Actually the remake of Total Recall did a lot of things right with the visual design (except, of course, the story).

Make heavy use of the rain soaked, dirty streets illuminated by neon lights, have the characters show their chrome - avoid CGI unless absolutely necessary and even then use it sparingly (That's what made Jurassic Park such a good and still watchable movie).

Don't overpopulate with weird from the start - for the first episode keep yourself confined to the five standard meta types, but use tattoos and hair styles liberally as well as retro-future clothing style - mirror shades and pink mohawks and black trench-coats.

Contrast with aseptic white corp offices with little to no individuality (think Gattaca).

Use bullet time and good choreography for fights - have few but memorable fights. Let blood and gore flow.

For spell effects go for lightning and fire, but use mages sparingly and show drain (burst blood vessels, blood from eyes and ears)

Show the characters interact with the world as "slice of life" scenes to introduce the world, without explaining everything (show, don't tell).

Focus on the social divide of absolute poverty in the barrens and devastated nature contrasted by the clean and uniform aesthetics of the corporations. Don't shy away from making everyone into a bastard of one kind or another.

Story and character wise I'd go for Leverage.
New Total Recall and Dredd both do the kind of setting you'd want really well.

Honestly, I'd be looking to maximize practical effects, use limited CGI. Same theory as Fury Road, where CGI is used to enhance stunts and practical effects. This will make the use for magic (and spirits if needed) stand out much more.

Probably got with an AmerInd shaman for the runners' caster. Get an actor who actually looks the part, do it as tastefully as possible, because that's a thing that's never done and it would be great to see.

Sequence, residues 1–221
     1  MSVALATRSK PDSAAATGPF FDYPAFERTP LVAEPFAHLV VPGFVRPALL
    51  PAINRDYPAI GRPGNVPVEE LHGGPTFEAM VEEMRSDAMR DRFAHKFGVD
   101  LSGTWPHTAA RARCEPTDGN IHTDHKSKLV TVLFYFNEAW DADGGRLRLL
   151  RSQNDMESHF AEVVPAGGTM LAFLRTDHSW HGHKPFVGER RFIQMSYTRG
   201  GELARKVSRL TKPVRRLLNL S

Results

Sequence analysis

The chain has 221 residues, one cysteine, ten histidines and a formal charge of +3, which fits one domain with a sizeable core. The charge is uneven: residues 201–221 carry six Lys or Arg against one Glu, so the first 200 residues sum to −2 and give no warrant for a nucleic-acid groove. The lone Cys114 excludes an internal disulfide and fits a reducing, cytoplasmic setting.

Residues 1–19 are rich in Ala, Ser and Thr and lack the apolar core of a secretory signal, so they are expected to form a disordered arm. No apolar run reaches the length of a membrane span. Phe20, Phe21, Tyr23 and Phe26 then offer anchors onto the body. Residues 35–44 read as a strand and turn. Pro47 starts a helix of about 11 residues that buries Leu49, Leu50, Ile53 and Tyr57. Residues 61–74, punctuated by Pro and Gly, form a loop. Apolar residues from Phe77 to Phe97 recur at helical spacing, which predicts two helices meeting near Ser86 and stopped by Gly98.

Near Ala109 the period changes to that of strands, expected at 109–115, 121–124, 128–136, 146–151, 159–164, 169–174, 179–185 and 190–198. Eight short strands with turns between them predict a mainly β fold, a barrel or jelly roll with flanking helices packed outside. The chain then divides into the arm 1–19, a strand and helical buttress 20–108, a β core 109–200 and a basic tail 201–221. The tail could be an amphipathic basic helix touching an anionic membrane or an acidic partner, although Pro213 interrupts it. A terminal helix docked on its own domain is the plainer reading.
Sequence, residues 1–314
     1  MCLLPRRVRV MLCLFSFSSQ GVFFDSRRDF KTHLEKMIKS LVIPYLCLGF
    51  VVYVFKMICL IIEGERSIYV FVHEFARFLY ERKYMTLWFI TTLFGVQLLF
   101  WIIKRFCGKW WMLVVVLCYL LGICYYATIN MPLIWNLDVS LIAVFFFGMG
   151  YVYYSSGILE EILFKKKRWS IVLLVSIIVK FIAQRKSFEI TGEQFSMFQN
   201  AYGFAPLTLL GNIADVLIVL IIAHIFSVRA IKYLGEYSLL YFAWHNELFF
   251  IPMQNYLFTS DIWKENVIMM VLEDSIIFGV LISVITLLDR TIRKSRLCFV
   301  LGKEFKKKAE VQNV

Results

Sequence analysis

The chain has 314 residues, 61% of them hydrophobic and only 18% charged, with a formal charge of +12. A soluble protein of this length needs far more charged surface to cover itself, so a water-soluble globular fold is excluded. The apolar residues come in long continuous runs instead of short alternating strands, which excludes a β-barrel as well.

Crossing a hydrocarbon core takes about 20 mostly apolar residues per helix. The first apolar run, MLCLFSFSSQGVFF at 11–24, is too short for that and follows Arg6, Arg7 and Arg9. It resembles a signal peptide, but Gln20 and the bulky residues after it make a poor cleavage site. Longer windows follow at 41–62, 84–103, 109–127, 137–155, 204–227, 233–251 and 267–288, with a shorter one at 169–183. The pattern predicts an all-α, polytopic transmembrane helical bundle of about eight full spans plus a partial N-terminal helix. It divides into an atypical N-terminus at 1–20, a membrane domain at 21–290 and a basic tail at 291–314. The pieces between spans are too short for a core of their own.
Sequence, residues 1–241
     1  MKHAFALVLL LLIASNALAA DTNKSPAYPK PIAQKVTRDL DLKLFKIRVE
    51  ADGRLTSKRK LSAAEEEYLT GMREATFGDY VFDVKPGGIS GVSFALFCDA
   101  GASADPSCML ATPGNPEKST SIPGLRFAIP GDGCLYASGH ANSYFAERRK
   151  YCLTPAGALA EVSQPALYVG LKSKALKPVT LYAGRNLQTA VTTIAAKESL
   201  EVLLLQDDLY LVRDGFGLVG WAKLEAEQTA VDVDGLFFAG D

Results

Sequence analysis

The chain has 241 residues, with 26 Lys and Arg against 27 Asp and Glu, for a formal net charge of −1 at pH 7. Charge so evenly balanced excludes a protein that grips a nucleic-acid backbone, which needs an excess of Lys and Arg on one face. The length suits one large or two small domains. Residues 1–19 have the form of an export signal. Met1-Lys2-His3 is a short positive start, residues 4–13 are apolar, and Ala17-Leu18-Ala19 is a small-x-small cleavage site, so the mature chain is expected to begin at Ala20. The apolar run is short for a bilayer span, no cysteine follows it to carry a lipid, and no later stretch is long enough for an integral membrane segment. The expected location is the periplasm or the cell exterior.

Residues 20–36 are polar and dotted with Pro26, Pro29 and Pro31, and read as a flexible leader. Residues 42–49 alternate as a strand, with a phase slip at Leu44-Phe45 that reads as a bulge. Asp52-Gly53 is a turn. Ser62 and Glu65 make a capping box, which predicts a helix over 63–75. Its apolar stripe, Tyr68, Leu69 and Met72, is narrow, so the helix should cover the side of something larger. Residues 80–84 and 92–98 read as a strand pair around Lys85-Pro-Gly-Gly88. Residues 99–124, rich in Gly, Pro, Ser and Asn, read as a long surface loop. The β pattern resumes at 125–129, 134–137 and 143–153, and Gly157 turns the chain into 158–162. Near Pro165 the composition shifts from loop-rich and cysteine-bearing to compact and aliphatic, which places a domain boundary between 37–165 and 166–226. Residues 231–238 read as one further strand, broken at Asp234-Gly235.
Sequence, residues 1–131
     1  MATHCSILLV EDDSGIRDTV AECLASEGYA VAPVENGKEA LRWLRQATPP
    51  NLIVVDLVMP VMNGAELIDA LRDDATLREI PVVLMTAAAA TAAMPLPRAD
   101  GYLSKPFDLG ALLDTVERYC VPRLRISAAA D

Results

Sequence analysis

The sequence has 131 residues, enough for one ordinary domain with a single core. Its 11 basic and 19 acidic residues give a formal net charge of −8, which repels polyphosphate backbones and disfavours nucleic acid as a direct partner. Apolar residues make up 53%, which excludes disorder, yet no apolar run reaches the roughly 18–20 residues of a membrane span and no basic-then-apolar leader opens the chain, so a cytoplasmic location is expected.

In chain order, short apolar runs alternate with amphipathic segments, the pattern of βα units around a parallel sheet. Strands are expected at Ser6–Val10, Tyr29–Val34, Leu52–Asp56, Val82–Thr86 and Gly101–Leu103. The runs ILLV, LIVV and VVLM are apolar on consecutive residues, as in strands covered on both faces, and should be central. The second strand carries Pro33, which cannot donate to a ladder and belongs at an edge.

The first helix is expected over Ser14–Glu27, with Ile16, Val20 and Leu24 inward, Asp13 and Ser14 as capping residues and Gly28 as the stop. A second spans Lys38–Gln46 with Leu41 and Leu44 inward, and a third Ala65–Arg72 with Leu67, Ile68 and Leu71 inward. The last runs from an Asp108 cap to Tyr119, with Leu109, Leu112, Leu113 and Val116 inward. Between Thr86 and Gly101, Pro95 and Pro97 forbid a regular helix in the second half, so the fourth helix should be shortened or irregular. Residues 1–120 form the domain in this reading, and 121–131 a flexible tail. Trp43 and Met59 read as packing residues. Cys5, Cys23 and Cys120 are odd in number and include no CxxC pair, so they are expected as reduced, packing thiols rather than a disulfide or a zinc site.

The biggest thing is the writing. A tightly plotted character-driven story somewhere between noir and heroic bloodshed.
QUOTE (Kren Cooper @ Jul 24 2017, 03:09 PM) *
Inspired by the conversation about Bright on the other thread:

Somehow, you’re the director who’s been landed the franchise rights to the Shadowrun Movie Universe. You’ve got to make the first one, but the studio have indicated that they’re looking for a series of interlinked films or sequels, as long as the first one works.

What would you do?

I would start with reading up on the world, as most directors probably don't know what it's supposed to look like. The first part of the rule book maybe, some novels certainly. And if they do a movie adaptation of one of the novels (most likely), definitely that novel. If you want to do a movie that is appealing to both fans and non-fans, you have to do your leg work, right?
I once wrote what a Holywood Shadowrun movie would probably be like:
[ Spoiler ]

A good Shadowrun movie would be really hard to make. Here are a few rules I'd try to follow:
- Make a movie around a team of runners, not a single hero.
- Make a movie about the team. It's not about a world with magic and cyber, it's not about bad corps and poor people, it's about a team living in the Shadows.
- You need to find a happy middle between street-level and world-shaking epic. Street level makes it more relatable and interesting, epic makes it memorable.
- Show, don't tell. The world of Shadowrun can be pretty complex, but that doesn't mean you need a long exposition.

The Shadowrun novels have often struggled with all these. Many focus on just one character, or go too far on the epic side. The only one I remember that's actually a good Shadowrun story (as opposed to "a story in the world of Shadowrun") is Preying for Keeps. It's not the best story, it's not the best-written book, but it's one of the few that's centered on a shadowrunner team doing shadowrunner things. And even if the stakes go up towards the end it still remains grounded enough (if you ignore one out-of-place major NPC placement).

I think I'd look towards Hong-Kong "Heroic Bloodshed" movies for inspiration. Movies like "Exiled" or "The Long Arm of the Law" are pretty good at following the rules I've outlined above.